Shooting with Animals

In general.

Make absolutely sure your actor is not afraid of the animal. To get the job actors sometimes exaggerate. Many animals can sense fear.

Animals can be painted, dyed, trimmed, and tinted with "Streaks and Tips" to match. Cats lick and can't be as manipulated.

Many animals are dangerous no matter what the owner says. Trainers are more cautious. The shooting situation may make some animals uncomfortable.

Bites and claw punctures are dangerous. If a hand or arm is bleeding, swing it vigorously so it bleeds well and clean the wound with a dull hypodermic and hydrogen peroxide. Seek medical attention if in any doubt. (We used the above technique on a bob cat film and had no problems.)

To get an animal's attention, various sounds work well, but often ONLY once. Don't test different noisemakers on "hero" animals. Try clickers, horns, electronic sounds, whistles,

Think about manipulating props, sets, people, and other animals to get the reactions you want.

Mixing animals is tricky. They have natural fears and eating habits. Mixing many animals listening to Mother Nature freaked out many animals. Second thoughts are we should have used a lot of stuffed ones. Today animatronics would help. For Africa we used real zebras in the back ground when painted horses would have worked. The lion close to camera freaked the zebras. (Maybe horses would also freak at the sight of a lion.) A giraffe neck passed for real behind some trees. (Near Sonora California is an Africa looking location with buckeye trees, rocks and grass.) Noah's Ark was a similar nightmare.

I have shot with all of these animals, but am no expert and offer these as opinions only.

Dogs. Hollywood dogs can be trained to do many things, but do not act like real dogs. They are usually looking at the trainer for instructions and not interacting with the actor. This can work very well for complicated actions. For simple actions I always try people's own dogs and see if they will work realistically around strangers. Some dogs are great around anyone and act like a real dog. Mutts are harder to match and pure breeds easier. Having "back-up" animals is always wise. I have shot more difficult sequences with multiple animals to insure that a had a complete sequence with one of the animals. It often doesn't take much more time, but more film.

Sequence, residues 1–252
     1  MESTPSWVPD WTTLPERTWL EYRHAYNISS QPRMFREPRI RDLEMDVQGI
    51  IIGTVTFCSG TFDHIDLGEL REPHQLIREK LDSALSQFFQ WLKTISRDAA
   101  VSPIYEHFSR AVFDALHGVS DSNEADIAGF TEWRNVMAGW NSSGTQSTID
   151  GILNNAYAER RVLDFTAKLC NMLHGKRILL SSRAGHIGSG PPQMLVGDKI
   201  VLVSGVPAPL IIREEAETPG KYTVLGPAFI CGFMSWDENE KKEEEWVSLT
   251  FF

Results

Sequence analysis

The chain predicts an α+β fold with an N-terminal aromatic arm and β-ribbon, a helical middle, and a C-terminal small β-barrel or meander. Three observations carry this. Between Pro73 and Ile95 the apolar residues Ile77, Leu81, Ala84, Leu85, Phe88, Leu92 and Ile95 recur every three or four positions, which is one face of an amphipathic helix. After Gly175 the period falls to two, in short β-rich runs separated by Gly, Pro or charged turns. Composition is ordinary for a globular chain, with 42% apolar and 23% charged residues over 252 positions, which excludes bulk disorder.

Cats are less trainable, but Hollywood trainers can get them to do pretty amazing things. I shot the first 10 cats eating out of 10 separate bowls. They did it almost every take.

Bob cats. I spent 9 months on a bob cat film. Cats raised in captivity responded to human contact quite well. Meat made them jump, a live rat even higher and a grid and cattle prod even higher. (For reaction to a rattle snake.)

Wild hogs were quite nasty, but our biggest cat wasn't afraid on them. Ole Lop Ear also took on an alligator. The alligator was fast and mean when hot and a slug when cold. A plastic stand-in did our swimming shots on a line.

Ostridges. We raced ostridges out of gates we built out of Speed Rail and on a track we build. They are fast, strong, and unpredictable. The trainers rode them.

Rodeo Bulls. We staged the event and had complete control. One camera was protected by poles in the ground. A low angle shot was from a hole dug under the grip truck A hoof still got close to the operator. We made generic signs for the fences and avoided the stands.

People including trainers have been hurt and even killed by tigers and other large cats on shoots.

© Copyright 1999-2004 Ron Dexter. All Rights Reserved.